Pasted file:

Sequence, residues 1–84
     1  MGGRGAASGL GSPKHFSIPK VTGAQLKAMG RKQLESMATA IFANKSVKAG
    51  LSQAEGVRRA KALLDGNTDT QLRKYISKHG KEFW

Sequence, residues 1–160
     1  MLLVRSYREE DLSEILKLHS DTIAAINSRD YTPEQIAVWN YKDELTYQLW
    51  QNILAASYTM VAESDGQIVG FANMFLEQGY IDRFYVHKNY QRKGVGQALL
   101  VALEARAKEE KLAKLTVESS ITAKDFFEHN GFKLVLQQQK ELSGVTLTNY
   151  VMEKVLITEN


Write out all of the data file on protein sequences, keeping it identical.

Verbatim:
Sequence, residues 1–84
     1  MGGRGAASGL GSPKHFSIPK VTGAQLKAMG RKQLESMATA IFANKSVKAG
    51  LSQAEGVRRA KALLDGNTDT QLRKYISKHG KEFW

Sequence, residues 1–160
     1  MLLVRSYREE DLSEILKLHS DTIAAINSRD YTPEQIAVWN YKDELTYQLW
    51  QNILAASYTM VAESDGQIVG FANMFLEQGY IDRFYVHKNY QRKGVGQALL
   101  VALEARAKEE KLAKLTVESS ITAKDFFEHN GFKLVLQQQK ELSGVTLTNY
   151  VMEKVLITEN